This is the kick-off to a new series I’m calling the Annotated Funky wherein I’ll pick some Funky strips and provide some inside baseball factoids explaining the work’s creation and background and basically anything else pertinent to the work. And I’m going to start off by digging into the sources, call backs and references for the last week of Funky Winkerbean.
First off, it was penciled by the ineffable and acclaimed comic book artist John Byrne. John had worked with me on Funky before, and I asked him to sit-in on the final week because I’m a big fan of his work, and because the science fiction aspects of the final week fell right into John’s wheelhouse. And he delivered in spades.
So to start with, the young girl on the floating recliner and reading an ebook hologram is Lisa, the great granddaughter of Lisa Moore. The solar scooter says Skyler Aero on it – a company named for Skyler Fairgood. The model for the scooter was drawn by artist Phil Holt of Atomik Komix for a young Skyler, and was turned into a clay model by his dad, Lisa’s son, Darin Fairgood.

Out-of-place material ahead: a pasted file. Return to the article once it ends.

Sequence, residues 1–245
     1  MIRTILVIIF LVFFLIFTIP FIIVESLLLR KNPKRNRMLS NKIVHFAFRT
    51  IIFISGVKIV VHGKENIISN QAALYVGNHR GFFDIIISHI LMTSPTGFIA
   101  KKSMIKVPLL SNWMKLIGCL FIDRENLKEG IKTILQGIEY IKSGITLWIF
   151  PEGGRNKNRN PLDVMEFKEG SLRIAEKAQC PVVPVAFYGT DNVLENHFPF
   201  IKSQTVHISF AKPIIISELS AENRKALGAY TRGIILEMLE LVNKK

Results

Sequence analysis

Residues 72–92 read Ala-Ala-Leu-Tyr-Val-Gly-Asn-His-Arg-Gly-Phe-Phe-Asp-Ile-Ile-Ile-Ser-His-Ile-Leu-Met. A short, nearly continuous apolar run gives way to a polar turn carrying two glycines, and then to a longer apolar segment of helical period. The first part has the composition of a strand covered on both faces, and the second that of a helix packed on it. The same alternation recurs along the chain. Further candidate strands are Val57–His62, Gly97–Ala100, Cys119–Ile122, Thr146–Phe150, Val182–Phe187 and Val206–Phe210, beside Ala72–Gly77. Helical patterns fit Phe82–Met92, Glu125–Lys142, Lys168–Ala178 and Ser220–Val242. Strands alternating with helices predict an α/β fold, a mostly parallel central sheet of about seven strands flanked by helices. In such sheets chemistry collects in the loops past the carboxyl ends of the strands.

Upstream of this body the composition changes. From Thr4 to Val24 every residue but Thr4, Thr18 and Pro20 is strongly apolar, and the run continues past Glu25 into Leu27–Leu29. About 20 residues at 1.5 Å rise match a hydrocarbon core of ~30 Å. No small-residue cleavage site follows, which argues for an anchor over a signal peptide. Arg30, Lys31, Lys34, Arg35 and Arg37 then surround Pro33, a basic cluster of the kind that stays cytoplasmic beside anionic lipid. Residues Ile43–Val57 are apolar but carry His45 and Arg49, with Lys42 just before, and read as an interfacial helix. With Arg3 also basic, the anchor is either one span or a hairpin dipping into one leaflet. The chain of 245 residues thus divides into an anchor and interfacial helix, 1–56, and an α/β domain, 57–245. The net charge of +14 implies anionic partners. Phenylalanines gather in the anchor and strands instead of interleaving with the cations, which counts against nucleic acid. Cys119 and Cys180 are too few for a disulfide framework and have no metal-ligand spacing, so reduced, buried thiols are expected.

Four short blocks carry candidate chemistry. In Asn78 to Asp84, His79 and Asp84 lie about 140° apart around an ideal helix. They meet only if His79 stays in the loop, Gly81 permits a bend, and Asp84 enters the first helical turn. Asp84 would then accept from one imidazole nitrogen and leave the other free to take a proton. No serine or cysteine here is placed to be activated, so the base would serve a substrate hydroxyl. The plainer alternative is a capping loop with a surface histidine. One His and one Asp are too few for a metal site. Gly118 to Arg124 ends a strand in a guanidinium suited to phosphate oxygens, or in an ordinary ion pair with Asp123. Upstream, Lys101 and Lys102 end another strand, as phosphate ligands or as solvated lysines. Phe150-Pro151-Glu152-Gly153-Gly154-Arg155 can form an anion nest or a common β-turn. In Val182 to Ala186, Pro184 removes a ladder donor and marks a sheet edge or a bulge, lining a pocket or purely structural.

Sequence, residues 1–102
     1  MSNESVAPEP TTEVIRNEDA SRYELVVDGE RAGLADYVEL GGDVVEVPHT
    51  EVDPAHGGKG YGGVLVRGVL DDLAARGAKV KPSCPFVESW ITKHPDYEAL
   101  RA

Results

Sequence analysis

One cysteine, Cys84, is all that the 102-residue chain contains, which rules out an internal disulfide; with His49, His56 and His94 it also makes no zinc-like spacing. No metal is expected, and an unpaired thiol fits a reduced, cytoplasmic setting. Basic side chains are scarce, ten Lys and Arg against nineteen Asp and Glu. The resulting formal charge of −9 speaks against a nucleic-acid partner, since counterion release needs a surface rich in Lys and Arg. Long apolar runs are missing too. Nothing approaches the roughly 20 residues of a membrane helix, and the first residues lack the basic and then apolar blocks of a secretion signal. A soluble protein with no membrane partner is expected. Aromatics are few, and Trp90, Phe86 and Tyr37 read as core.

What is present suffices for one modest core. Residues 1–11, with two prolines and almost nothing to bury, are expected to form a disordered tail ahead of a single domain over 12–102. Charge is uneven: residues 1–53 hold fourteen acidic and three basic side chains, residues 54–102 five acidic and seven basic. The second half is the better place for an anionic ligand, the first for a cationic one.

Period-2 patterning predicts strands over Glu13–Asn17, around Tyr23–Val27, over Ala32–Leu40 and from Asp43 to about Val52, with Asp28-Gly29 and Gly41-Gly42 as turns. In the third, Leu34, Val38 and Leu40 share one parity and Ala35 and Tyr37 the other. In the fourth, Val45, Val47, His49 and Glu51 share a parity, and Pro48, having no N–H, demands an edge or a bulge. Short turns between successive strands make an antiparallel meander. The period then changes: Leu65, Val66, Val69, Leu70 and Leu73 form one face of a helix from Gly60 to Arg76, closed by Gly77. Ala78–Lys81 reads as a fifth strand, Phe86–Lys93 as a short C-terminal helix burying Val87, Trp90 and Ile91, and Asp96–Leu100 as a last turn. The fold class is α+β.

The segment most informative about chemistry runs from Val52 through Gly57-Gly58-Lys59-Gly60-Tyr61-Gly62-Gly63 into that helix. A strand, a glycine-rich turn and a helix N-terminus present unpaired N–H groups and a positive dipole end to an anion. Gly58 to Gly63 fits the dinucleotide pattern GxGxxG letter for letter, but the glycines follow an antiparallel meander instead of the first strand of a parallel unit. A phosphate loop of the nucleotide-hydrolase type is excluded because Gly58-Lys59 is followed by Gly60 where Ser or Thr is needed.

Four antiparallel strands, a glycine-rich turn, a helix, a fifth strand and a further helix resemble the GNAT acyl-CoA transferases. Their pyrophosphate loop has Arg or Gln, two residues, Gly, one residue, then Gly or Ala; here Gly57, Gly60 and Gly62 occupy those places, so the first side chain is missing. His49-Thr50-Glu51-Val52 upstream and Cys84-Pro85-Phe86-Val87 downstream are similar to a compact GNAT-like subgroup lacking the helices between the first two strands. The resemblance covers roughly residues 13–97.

When Darin and his wife Jessica came into the possession of the gun that killed Jessica’s father, John Darling, she decided to have it melted down and turned it into a toy copy of the Phil Holt drawn solar scooter for their son Skyler. Inspired by the scooter, Skyler went on in the future to form Skyler Aero and manufacture real flying scooters.
And one final note, the number on the solar scooter, X-354, in Funky Winkerbean came from the cover of the first comic book I ever owned, the Mort Meskin drawn Tom Corbett, Space Cadet.